As a member of the Jewish community here on campus, I am deeply disturbed by this movement, because I know where it leads to. I have an old friend who only survived Auschwitz because World War II ended.

    Now, I realize that the anti-scientologists might sound persuasive, but so did the Nazis in their own time. Remember that Scientology IS a federally recognized religion and it’s followers, who have been free in this country to believe whatever religion they want to believe, also deserve to live free from harassment. Personally, I think that freedom of choice, including religion, is one of the things that is so great about America, don’t you agree?

    Garrett Lebby
    business management senior

    Mendenhall has ‘complete lack of understanding’

    I would like to address the concerns that Connor Mendenhall had expressed in “”Abolish student government: The case against ASUA”” (Yesterday). The idea of government in ASUA is meant to be seen as a group of students “”of, by, and for”” the UA community, to enrich and heighten the college experience.

    It would seem that Mr. Mendenhall is addressing the wrong issue when describing ASUA as illegitimate due to voter turnout for elections. The thought shouldn’t be that because voter registration is low ASUA isn’t doing a good job, rather, why isn’t the student body concerned with those who represent them? Why not turn the efforts to urging the student body to vote and becoming aware of what is occurring on campus?

    Mr. Mendenhall seems to have a complete lack of understanding how much of an impact other programs and services have on campus. The Student Health and Advisory Council (SHAC) works to develop programs to promote better health among students at the UA. This year SHAC has worked with the Susan G. Komen, and holds its annual “”Run for your Life”” 5K Run/Walk to fundraise for organizations such as UNICEF. Spring Fling, the largest student-run carnival in the nation, allows student volunteers to fundraise for their organizations. Arizona Students’ Association has been working to freeze tuition rates, and encouraging students to practice their right to vote. The Women’s Resource Center has implemented SafeWalk, which provides an alternative to waiting for SafeRide. As the pride alliance director I can account for multiple students who have contacted me as a resource for the LGBTQ (lesbian, gay, bisexual, transgender and queer) community. Questions and fears about their sexuality can be overwhelming and having this resource on campus gives them a direction in where they can go. These are only a few of the great programs that are organized through ASUA and available for students on campus. Our goal, as directors, is that the student body utilizes these resources on campus; however, we cannot force the students to participate.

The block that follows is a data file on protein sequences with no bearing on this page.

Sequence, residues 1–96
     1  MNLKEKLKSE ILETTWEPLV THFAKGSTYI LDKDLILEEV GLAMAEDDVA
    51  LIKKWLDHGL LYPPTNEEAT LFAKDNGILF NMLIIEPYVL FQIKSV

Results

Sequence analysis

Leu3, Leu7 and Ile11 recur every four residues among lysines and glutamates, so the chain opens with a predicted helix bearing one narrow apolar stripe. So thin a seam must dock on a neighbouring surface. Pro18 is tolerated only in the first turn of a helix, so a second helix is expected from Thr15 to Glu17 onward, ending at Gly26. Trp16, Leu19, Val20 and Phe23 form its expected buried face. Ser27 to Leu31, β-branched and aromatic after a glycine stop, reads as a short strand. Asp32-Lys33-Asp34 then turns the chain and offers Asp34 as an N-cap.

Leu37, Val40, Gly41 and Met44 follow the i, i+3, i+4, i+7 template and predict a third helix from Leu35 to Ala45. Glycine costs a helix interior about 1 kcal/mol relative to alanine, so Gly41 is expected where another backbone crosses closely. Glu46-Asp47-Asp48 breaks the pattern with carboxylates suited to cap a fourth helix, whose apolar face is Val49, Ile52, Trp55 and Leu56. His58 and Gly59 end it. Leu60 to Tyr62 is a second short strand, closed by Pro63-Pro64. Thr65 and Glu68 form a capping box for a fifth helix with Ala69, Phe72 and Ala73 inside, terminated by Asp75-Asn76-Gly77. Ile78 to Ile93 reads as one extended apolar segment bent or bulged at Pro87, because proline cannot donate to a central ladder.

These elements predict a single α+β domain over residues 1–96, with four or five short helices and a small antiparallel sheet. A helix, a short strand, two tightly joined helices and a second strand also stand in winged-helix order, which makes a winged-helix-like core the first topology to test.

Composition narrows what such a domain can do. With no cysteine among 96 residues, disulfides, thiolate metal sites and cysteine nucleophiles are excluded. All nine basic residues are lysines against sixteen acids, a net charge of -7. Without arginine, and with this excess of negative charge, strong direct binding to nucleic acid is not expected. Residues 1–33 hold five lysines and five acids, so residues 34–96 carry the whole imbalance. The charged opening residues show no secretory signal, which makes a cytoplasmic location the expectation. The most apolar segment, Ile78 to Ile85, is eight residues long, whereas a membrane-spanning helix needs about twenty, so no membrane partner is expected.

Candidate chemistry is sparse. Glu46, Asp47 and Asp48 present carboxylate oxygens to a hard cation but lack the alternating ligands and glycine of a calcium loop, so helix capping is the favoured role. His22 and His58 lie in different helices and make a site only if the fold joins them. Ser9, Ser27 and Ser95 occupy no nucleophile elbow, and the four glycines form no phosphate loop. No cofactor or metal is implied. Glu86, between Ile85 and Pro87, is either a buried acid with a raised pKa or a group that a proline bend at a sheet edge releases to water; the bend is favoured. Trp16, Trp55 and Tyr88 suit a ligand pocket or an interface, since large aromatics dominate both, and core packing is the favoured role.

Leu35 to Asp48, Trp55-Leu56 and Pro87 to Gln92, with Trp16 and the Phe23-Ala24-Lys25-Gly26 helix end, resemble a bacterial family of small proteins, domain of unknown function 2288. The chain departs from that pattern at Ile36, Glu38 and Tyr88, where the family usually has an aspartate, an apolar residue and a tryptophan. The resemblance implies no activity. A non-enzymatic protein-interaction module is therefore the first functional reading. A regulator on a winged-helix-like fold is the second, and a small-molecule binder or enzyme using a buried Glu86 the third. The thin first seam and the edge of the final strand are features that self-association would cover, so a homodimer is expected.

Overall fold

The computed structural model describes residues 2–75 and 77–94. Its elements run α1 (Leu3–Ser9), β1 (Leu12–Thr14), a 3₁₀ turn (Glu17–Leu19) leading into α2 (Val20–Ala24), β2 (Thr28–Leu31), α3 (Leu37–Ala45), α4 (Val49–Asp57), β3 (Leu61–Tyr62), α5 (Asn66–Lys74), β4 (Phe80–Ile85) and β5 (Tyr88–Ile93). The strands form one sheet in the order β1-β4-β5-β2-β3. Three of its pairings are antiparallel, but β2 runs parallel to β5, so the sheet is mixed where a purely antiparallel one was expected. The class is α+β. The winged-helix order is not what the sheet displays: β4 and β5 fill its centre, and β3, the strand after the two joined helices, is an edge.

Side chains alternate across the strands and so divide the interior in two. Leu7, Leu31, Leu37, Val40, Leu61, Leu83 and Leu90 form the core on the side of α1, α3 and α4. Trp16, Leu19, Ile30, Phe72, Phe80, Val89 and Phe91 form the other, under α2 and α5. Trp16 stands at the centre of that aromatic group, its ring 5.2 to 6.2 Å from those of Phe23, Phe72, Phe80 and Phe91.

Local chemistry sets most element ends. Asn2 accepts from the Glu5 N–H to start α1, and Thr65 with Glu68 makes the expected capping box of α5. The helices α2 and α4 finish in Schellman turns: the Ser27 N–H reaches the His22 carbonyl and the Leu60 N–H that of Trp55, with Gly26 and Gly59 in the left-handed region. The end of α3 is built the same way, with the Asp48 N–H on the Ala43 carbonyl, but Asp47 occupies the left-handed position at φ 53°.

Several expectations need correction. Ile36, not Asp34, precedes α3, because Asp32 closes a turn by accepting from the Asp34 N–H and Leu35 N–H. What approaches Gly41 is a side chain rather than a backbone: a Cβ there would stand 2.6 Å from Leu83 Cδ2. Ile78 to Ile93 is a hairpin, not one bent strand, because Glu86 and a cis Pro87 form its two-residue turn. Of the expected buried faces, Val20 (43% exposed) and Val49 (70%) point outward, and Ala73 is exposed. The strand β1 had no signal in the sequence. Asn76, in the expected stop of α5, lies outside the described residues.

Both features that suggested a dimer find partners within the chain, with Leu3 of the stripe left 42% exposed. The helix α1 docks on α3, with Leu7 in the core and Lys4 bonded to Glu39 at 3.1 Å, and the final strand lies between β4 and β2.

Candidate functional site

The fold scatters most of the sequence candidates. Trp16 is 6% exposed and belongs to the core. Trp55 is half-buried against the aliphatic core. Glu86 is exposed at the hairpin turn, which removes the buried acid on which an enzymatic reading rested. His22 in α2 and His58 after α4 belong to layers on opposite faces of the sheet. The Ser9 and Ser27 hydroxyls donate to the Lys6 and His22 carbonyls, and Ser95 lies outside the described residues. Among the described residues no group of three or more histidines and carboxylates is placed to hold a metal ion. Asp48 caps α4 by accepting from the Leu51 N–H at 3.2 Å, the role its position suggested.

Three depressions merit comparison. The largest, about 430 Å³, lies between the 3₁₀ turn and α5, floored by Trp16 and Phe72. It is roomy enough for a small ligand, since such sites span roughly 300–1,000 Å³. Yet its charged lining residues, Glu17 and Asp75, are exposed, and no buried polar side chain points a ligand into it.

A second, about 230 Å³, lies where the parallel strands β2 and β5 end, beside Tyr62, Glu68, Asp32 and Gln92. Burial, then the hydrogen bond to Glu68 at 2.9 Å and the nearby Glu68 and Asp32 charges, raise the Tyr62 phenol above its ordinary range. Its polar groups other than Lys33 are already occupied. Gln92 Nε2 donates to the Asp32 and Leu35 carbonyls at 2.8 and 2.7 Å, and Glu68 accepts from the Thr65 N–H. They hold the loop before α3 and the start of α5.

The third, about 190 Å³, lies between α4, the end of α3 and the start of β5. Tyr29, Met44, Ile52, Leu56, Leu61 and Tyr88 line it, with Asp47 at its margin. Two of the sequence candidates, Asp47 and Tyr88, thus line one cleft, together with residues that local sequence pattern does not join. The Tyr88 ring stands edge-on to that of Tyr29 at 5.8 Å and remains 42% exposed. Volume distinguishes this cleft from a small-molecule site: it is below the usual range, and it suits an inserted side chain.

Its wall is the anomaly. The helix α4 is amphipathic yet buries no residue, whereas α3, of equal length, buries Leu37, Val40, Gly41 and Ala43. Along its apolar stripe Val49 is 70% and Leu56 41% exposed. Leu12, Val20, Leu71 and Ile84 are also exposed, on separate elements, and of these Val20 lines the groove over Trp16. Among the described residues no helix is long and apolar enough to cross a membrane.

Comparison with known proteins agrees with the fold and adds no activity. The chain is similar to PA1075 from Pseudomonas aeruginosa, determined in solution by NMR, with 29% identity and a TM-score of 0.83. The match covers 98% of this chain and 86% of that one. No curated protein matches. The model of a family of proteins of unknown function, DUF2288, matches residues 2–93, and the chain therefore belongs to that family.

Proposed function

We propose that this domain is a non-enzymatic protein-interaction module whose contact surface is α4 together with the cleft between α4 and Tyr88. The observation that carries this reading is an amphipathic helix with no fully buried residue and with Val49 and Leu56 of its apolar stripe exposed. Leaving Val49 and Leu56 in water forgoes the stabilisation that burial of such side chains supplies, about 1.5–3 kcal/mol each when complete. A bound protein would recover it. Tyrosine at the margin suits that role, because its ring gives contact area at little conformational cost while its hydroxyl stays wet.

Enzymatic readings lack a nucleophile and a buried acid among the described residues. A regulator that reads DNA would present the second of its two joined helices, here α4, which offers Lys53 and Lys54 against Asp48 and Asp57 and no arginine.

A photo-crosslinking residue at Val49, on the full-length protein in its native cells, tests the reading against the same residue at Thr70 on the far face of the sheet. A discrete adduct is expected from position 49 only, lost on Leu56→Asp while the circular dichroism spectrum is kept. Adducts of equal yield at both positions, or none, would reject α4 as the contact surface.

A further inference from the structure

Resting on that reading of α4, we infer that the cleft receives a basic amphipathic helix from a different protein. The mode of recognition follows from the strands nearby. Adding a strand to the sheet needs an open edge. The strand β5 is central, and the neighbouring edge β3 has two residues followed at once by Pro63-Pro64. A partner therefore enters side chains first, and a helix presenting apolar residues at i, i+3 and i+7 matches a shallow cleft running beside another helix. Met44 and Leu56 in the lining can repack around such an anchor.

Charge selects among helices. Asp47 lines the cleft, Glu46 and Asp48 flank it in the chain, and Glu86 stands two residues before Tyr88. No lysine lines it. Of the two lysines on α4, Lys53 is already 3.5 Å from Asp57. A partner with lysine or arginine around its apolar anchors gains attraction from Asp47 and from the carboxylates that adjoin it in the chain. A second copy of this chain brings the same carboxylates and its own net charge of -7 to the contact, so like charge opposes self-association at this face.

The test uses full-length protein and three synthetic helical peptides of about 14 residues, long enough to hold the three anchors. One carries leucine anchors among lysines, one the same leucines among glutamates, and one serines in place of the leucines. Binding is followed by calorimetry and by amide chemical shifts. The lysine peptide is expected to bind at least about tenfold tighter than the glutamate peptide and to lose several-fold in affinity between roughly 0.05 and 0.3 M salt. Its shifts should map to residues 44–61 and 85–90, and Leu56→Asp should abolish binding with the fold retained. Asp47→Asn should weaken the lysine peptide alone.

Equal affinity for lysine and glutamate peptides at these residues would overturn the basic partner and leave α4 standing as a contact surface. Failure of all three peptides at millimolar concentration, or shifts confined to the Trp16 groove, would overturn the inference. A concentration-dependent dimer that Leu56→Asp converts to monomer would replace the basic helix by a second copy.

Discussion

Clubs and organizations are a big part of the campus for students to find others with similar interests and to find a sense of belonging. If we were to allocate funds by number of members per club then we can’t ensure that the funds are being used for the advancement of the clubs, issues similar to the case with Reece would be more frequent and funds wasted.

    The senators work year-around in order to make the campus a more enriching environment for the community at the UA. Senator Dustin Cox organized “”A-Town,”” a program that works on social justice issues. Participants meet multiple times a week developing action plans to ensure the UA community is more inclusive. Senator Amanda Collins has been working to help prevent bike theft, working with the University of Arizona Police Department and Parking and Transportation Services on campus.

    Mr. Mendenhall seems to have no real understanding of the true workings of ASUA and the many other important organizations on campus that we work with. His “”humble”” assumption of abolishing ASUA is not only based on minimal evidence and support but would be a great loss to the UA campus and would never be the same. For those of you who are reading this please visit to learn more about the exciting programs and services ASUA offers to the entire UA community.

    Chase Sutton
    sociology sophomore
    pride alliance director for ASUA

    Password ‘strength’ arbitrary

    Last Thursday, Evan Lisull in “”Nanny State U.”” criticized the university’s unnecessary and unwanted intrusions into our lives outside of the classroom. Truly,
    taking a note from the smothering hug of our maternalistic government that claims to crush us for our own good, our university has created quite an annoyance with the mandatory NetID password change.

    However, Mr. Lisull missed out on the excruciating experience of making a new password now and the implications of such a defiance of the Geneva Convention and general torture ethics. The new change rates the “”strength”” of your new password on four levels: too weak, weak, strong and best. How often you are required to change your password is dependent on its strength. The first strength will not allow you to use the desired password; the next ones must be changed in 45 days, 180 days and 360 days respectively.

    To reach the highest strength with a password you can remember is quite a feat and could require special characters, a mix of uppercase and lowercase letters and a smorgasbord of numbers. To give you an example, the entire preamble to the Constitution is too weak. Bank security numbers don’t really work. A strong one is “”GEOG251ROCKS.”” The best ones include long phrases with a ridiculous mix such as “”Forget your password?”” To be honest, you’ll probably be better off with street
    addresses, entire sports trivia statements and titles of obnoxious movie sequels.

    Daniel Greenberg
    political science junior